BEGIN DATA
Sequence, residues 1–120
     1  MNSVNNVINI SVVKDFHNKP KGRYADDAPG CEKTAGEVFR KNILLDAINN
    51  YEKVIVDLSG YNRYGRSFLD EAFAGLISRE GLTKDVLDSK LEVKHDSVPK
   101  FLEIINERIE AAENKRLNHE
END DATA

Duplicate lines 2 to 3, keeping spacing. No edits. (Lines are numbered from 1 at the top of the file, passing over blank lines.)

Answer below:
     1  MNSVNNVINI SVVKDFHNKP KGRYADDAPG CEKTAGEVFR KNILLDAINN
    51  YEKVIVDLSG YNRYGRSFLD EAFAGLISRE GLTKDVLDSK LEVKHDSVPK